Watchdog finds ‘strong perception of favoritism’ toward McKinsey in some government contracts

The federal procurement watchdog says the government has created a “strong perception of favouritism” in awarding certain contracts to the consulting firm McKinsey & Company.

A report released by Canada’s procurement ombudsman Alexander Jeglic last month examined government contracts awarded to McKinsey between April 2011 and March 2023.

Jeglic found that McKinsey had been awarded dozens of contracts totalling $117 million over that period of time.

CBC News has reported that the amount of public money Ottawa has awarded to McKinsey has skyrocketed since the Liberals formed government in 2015. Jeglic’s report echoes CBC’s findings.

“The value of contracts awarded to McKinsey started to increase in 2018 with significant increases observed in 2019 through 2022,” the report says.

Jeglic also noted that most of the contracts awarded to McKinsey were sole-sourced and primarily came through a “standing offer” — an agreement between the government and a contractor to provide goods and services under pre-established terms and costs. The government can then issue a “call-up” contract to the contractor to provide the services established in the offer when the need arises.

McKinsey was awarded a standing offer through Public Services and Procurement Canada (PSPC) to provide “benchmarking services which consist of functional tools, databases, and expert support to measure their performance against similar Canadian and international organizations,” said Jeglic’s report.

Ombud flags concerns about documentation

Jeglic says the standing offer was sole-sourced even though PSPC failed to provide proper justification for the non-competitive process.

“[McKinsey’s standing offer] may have been improperly established on a non-competitive basis given that the sole-source justification documents provided did not contain the required information needed to justify this sole-source standing offer,” the report says.

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Jeglic also concluded that most of the call-ups issued under the standing offer “were void of any description of the requirement-specific work to be carried out by McKinsey and by extension, proper PSPC oversight”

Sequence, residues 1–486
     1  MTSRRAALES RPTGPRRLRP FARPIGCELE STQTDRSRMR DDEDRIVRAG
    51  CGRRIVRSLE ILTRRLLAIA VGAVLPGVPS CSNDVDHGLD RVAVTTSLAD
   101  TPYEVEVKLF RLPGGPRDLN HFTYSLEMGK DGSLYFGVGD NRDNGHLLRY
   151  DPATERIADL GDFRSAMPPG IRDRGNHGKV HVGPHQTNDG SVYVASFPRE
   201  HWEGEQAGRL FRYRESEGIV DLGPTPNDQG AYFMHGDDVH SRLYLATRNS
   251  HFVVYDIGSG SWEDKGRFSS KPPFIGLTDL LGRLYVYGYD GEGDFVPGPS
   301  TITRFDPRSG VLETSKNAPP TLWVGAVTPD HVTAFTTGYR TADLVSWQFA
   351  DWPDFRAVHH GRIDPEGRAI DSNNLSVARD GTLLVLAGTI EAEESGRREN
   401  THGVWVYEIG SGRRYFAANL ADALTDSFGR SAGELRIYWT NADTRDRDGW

Jeglic also voiced concerns about the ways in which McKinsey has been awarded some competitive contracts.

He said he found two incidents where the procurement process was altered to allow McKinsey to bid on a contract it wouldn’t have qualified for otherwise.

In another case, Jeglic found that after an initial evaluation of two bids, a second re-evaluation was done that deemed McKinsey the only compliant bidder and disqualified the original “1st ranked bidder.” Jeglic said there’s a lack of documentation to explain why the second evaluation was conducted.

“Collectively, these observations create a strong perception of favouritism towards McKinsey,” Jeglic wrote of some of the competitive contracting processes.

Auditor General Karen Hogan waits in a hallway to begin a news conference on Monday, February 12, 2024 in Ottawa. (Adrian Wyld/The Canadian Press)

Jeglic’s report on McKinsey comes as the federal government faces heightened scrutiny over its contracting processes.

In February, Auditor General Karen Hogan released a report on the controversial ArriveCan application. In her report, Hogan said the ballooning costs of the project were a result of the government relying too much on third party contractors.

Hogan estimates the final cost of ArriveCan was just under $60 million, though she said an accurate costing is impossible to determine due to poor financial record-keeping.

In his McKinsey report, Jeglic noted that “general deficiency of documentation observed is an ongoing area of concern” in government procurement.

“[The ombudsman] has identified this same issue in numerous procurement practice reviews conducted over the past few years, involving more than a dozen departments and agencies,” the report says.

“Without documentation to support contract award decisions, departments cannot demonstrate that the contracting process was compliant with applicable legislation and policy.”

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